Today’s quick hits, Aug. 27, 2020

U.S. to reward fertilizer innovation: The EPA and USDA announced the creation of two awards, one worth $10,000, for fertilizer innovations that maintain or improve crop yields while reducing impacts on the environment. Entries are due this fall, and winners will be announced in late 2021. (EPA)

More time to get SHIPP-shape: The USDA extended to Nov. 20 the deadline to enroll in the Soil Health and Income Protection Program, or SHIPP, which pays an annual rent to landowners who plant perennial cover on up to 50,000 acres in the Midwest’s “prairie pothole” region. (Farm Service Agency)

Too late for lobster?: While the EU agreement to remove an 8 percent tariff on imports of U.S. live lobsters puts the American shellfish on equal footing with Canadian lobsters, it does not assure recovery of EU market share amid a coronavirus-caused downturn in world trade, says analyst Jeffrey Schott. (Peterson Institute for International Economics)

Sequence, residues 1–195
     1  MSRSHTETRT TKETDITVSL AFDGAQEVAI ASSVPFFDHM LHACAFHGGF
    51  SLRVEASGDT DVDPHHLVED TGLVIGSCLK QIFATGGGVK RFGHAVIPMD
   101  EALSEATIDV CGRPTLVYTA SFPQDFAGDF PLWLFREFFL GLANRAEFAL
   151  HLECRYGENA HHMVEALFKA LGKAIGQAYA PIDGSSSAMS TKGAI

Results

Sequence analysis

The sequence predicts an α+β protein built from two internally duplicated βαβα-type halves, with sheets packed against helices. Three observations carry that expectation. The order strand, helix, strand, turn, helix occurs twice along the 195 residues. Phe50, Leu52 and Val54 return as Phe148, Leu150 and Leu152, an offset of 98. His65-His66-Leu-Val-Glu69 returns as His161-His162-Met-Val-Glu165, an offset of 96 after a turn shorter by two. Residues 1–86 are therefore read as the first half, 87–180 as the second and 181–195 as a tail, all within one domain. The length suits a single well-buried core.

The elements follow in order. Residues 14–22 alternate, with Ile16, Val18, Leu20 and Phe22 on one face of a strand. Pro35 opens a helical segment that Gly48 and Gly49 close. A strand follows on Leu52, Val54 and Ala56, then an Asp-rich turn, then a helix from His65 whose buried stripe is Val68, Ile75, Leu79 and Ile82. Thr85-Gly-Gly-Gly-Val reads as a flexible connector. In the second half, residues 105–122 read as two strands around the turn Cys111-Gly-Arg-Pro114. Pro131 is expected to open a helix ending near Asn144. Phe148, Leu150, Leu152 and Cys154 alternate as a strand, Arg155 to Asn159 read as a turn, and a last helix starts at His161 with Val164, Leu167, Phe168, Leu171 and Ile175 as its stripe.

Mystery seed mailings continue: People in at least 11 countries have received unsolicited packages of seeds that appear, for the most part, to originate in China. Agricultural officials worry the seeds could introduce pests or plant diseases. (Food Safety News)

Harvesting ahead of hurricane: Although growers along the Gulf Coast have been trying to harvest as much of their rice, cotton, and soybean crops as possible before Hurricane Laura reaches land, in some cases, the crops are not yet mature and must be left in the field. (Delta Farm Press)

Lots of mail by House ag panelist: First term Rep. Jim Hagedorn of Minnesota, a member of the House Agriculture Committee, spent more than one-fifth of his taxpayer-funded office budget for this year, $1.4 million, on mass mailings to constituents in January, February, and March. (Minneapolis Star Tribune)